The rules cleverly avoid the game being an IGOUGO system but using the Reaction concept, which keeps both players involved throughout the various activations. When the Active player declares he is activating a unit (announcing what that unit intends doing) his opponent may declare a reaction. The Reactive player then spends one of his own CT’s to try to activate the unit concerned. To succeed he must roll 3+ (Plus 1 for each CT or MM on the reacting unit) on a D6. For example, a reacting unit that already had a CT (from an earlier activation) and a MM (having been fired on) would require a roll of 5+ to successfully react. If the attempt fails then the player allocates the CT to the unit, again making it even harder to activate in the future. When Active a player can always use the first activation of a unit to Rally it, hopefully inspiring them before MM actually cause men to melt away.

There are basically 3 ways for the Active player to lose that position:
1. He may voluntarily end his activation phase at any time AFTER he has made at least 1 activation (whether or not his opponent has reacted) ;
2. He runs out of Command Tokens;
3. The Reacting player rolls a 6 when rolling to react with a unit. Should that happen the Active player finishes that particular action before switching to become the Reactive player.

When the Active player loses his position, his opponent takes over as the Active player and the game continues as before. When both players have run out of CT’s the turn ends and a fresh turn begins with both players receiving a new set of CT’s and rolling off to decide who is the Active player. The winner of the roll off decides.

Combat (shooting and assaulting) is quite straightforward with each formation type having a number of combat dice which are affected by a few factors for such basic tactical features as range, Cover, movement or the condition of your unit. Higher quality troops gain a bonus whilst poor quality receive a penalty. They’ve kept it very straightforward so I think the game could handle significant numbers of units.

After only one read through (so I may have got someth8ng wrong or missed something! :roll: ) I really like the look of these rules. The individual concepts are quite straightforward but when combined they introduce a whole Zeppelin load of decision making for players. It looks like a game packed with action and, dare I say reaction! Do you use your Command Tokens to try and gain an early tactical advantage or play a waiting game, seeing what the enemy plan is whilst retaining enough CT’s to launch an effective counter attack? Is it worth risking a CT to try and withdraw that battalion that’s about to be overrun or should they be sacrificed to gain an advantage elsewhere? Do you spend lots of CT’s on a single unit to try and take an important position early on or do you advance more carefully on a broad front, perhaps allowing the enemy to gain the high ground that may cost you heavily to capture? Decisions! Decisions! :lol:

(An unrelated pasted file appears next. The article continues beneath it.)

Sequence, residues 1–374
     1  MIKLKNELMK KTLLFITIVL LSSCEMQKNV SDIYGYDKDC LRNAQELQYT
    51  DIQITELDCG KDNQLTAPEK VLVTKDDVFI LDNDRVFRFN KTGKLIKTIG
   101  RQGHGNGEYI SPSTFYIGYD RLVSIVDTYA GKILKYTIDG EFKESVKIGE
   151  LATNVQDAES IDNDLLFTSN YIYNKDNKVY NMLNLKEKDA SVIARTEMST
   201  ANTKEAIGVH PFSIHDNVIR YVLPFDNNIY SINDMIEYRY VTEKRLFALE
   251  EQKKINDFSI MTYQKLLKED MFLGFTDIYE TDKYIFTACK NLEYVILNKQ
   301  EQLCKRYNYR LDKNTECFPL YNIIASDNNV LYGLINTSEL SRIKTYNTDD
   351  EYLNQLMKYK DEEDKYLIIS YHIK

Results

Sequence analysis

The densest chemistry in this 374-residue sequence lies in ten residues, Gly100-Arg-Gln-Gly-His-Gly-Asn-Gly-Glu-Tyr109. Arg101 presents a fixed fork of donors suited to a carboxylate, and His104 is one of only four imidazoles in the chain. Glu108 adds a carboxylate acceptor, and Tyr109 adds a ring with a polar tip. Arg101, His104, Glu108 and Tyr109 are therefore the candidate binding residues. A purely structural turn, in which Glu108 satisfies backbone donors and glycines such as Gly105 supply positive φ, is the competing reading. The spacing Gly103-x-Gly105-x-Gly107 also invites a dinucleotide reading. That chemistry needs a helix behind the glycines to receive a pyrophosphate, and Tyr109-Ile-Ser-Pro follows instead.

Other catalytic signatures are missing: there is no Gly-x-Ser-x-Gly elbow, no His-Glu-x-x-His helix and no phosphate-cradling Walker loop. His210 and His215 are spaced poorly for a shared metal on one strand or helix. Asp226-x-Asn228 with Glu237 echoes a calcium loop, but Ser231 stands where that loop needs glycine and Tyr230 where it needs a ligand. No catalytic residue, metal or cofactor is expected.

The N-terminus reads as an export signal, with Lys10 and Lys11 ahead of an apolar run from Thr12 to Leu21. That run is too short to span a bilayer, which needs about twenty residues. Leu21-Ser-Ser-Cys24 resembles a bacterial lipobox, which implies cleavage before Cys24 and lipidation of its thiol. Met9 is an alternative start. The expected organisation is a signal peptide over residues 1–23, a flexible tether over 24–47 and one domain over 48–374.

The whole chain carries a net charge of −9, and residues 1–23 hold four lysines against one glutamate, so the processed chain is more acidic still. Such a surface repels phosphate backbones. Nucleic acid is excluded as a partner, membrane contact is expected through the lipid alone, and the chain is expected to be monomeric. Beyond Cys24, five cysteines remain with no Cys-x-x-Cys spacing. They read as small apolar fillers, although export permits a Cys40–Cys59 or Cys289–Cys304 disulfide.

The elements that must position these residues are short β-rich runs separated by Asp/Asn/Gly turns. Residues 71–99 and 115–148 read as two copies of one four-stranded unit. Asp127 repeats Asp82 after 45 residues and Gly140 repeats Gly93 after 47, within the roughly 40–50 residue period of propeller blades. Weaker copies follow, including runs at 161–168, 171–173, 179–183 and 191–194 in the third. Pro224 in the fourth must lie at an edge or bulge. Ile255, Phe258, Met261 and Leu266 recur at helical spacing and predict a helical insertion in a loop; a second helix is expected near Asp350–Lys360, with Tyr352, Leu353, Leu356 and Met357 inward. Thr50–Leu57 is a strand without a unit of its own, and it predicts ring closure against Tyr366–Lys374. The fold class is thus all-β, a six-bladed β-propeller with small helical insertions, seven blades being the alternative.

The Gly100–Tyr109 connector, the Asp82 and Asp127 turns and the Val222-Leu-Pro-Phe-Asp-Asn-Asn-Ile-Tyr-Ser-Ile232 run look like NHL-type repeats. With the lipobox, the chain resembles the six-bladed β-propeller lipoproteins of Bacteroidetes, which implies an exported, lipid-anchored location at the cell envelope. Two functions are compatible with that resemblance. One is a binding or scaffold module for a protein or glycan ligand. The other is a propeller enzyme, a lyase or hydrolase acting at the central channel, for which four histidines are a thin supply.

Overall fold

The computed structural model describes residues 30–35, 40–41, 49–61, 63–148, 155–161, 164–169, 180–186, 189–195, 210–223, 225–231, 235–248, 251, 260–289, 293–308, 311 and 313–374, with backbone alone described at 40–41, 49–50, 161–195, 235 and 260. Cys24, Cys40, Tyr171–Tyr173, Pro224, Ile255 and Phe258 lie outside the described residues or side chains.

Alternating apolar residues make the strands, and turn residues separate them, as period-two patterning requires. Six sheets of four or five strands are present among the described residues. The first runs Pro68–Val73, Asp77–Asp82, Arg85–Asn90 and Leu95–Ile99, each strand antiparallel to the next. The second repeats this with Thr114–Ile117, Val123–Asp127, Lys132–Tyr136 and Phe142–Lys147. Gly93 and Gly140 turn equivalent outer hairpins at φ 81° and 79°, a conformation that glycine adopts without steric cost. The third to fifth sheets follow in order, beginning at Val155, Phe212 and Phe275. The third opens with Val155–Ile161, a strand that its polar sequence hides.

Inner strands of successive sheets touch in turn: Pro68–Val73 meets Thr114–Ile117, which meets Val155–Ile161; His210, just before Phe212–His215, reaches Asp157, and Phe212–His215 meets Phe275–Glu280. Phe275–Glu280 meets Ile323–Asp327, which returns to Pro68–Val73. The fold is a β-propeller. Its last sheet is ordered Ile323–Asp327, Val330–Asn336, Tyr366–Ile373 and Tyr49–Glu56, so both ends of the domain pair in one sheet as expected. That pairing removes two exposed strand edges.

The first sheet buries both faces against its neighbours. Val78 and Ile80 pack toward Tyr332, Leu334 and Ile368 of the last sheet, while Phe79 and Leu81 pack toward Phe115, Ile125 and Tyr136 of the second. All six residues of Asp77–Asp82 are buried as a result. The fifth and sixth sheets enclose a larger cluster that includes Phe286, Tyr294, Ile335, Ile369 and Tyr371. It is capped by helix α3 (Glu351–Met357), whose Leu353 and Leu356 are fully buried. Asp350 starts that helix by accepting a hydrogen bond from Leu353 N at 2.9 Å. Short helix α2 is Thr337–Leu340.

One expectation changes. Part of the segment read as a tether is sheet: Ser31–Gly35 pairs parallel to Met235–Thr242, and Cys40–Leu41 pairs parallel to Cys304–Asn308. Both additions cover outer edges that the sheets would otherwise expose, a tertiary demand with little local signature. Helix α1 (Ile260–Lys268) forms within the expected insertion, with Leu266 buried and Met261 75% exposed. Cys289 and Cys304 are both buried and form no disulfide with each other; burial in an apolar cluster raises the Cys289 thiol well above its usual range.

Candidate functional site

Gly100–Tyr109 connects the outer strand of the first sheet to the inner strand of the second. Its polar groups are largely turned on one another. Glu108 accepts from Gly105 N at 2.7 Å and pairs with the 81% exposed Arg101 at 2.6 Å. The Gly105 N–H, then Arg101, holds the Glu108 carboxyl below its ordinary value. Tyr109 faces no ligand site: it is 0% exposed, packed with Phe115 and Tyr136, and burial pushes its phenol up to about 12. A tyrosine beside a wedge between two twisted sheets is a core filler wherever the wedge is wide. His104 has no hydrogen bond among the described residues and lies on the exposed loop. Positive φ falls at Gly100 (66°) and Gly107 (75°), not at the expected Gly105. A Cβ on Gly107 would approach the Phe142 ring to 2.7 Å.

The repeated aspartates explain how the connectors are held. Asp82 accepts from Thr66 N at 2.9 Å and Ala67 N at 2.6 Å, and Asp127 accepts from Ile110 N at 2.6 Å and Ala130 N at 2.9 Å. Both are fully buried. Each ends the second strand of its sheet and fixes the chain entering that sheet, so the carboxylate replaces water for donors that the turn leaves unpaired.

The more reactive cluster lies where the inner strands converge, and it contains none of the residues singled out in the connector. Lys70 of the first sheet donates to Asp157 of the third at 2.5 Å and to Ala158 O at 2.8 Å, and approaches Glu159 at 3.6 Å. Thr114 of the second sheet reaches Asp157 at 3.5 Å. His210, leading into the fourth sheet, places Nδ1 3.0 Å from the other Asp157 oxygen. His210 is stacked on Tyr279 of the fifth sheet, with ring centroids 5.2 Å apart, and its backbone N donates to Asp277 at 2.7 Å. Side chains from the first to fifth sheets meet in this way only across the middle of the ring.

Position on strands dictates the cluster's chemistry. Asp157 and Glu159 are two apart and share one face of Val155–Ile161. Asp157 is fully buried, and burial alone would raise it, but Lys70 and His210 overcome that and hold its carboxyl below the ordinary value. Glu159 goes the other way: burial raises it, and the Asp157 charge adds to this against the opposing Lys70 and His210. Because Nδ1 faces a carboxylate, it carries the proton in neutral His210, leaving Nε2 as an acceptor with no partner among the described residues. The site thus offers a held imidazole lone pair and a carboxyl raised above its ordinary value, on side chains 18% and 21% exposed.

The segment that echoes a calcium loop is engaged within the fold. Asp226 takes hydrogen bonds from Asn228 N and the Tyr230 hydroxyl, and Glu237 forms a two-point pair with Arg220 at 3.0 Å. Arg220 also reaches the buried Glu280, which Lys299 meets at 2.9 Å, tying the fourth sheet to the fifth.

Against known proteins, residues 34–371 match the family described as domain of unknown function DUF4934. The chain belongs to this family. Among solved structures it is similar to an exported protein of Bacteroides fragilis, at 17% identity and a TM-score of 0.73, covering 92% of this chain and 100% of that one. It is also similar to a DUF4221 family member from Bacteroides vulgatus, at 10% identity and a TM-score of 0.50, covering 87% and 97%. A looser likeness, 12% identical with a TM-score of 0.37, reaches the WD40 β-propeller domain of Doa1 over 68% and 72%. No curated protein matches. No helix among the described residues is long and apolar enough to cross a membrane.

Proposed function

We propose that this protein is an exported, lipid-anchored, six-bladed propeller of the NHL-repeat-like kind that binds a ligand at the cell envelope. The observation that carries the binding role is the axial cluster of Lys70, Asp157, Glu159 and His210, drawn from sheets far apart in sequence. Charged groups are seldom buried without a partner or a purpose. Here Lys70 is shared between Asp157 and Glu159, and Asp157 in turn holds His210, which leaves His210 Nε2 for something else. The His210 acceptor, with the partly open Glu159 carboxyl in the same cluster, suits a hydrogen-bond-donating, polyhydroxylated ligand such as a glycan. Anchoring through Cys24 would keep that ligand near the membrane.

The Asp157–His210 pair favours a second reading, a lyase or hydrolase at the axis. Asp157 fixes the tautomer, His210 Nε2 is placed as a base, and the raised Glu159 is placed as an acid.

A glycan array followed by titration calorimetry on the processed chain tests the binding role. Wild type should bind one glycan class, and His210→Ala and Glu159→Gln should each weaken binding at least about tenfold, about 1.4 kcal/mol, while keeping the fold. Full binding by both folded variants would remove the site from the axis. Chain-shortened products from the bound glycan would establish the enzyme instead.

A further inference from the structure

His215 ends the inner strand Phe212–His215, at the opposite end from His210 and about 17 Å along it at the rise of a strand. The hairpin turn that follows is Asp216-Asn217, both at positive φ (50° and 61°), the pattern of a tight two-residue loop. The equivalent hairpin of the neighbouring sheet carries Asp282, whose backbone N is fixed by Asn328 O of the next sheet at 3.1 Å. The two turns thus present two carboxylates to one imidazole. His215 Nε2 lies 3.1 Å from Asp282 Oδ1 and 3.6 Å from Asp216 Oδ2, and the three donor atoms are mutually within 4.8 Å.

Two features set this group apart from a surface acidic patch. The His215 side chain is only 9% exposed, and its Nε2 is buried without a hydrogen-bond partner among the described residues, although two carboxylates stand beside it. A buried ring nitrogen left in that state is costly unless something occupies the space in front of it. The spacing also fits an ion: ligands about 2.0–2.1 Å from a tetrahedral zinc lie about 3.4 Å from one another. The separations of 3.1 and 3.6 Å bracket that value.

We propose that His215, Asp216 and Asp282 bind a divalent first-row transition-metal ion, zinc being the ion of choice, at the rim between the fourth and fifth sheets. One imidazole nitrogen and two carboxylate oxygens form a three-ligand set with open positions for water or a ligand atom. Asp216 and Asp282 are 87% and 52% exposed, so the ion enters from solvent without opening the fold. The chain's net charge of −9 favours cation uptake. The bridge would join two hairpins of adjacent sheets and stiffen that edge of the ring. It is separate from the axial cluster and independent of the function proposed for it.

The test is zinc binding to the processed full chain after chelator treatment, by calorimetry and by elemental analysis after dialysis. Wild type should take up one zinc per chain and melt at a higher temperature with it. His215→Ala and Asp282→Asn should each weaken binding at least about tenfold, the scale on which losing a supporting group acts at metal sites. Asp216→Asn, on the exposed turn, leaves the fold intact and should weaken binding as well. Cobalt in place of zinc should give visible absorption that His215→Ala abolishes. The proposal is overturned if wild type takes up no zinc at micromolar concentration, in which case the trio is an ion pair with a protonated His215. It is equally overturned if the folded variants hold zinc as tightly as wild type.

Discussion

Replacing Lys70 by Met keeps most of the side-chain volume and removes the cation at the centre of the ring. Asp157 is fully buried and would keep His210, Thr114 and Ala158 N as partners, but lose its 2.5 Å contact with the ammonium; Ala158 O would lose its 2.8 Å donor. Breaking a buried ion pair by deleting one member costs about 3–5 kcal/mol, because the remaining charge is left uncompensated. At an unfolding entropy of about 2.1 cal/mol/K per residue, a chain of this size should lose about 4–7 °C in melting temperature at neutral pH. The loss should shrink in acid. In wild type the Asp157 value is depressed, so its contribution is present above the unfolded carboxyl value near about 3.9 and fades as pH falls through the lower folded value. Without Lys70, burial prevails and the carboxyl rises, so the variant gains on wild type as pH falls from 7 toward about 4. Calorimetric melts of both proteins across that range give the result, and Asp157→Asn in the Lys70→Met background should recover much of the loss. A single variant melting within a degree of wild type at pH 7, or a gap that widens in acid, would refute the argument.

All in all I’d describe the rules as having loads of decision making, being complex without being complicated. After a couple of games you won’t need to refer to the playsheet for tactical factors. In fact, once familiar with the basics you’d rarely need to refer to the rulebook at all which is a bonus for me! :lol:

Re: 1914

Posted: Mon Apr 30, 2018 3:26 pm
by Kevin
Sounds like I might pick up these, some interesting ideas there, and a period I like at a scale worth doing.

Re: 1914

Posted: Tue May 01, 2018 7:48 pm
by MrDwhitey
Just to note, after reading the novel I was sent ( ;) ) I ended up ordering the rules. Plan to pick them up Thursday.

Might also pick up a starter box too. I like Germans.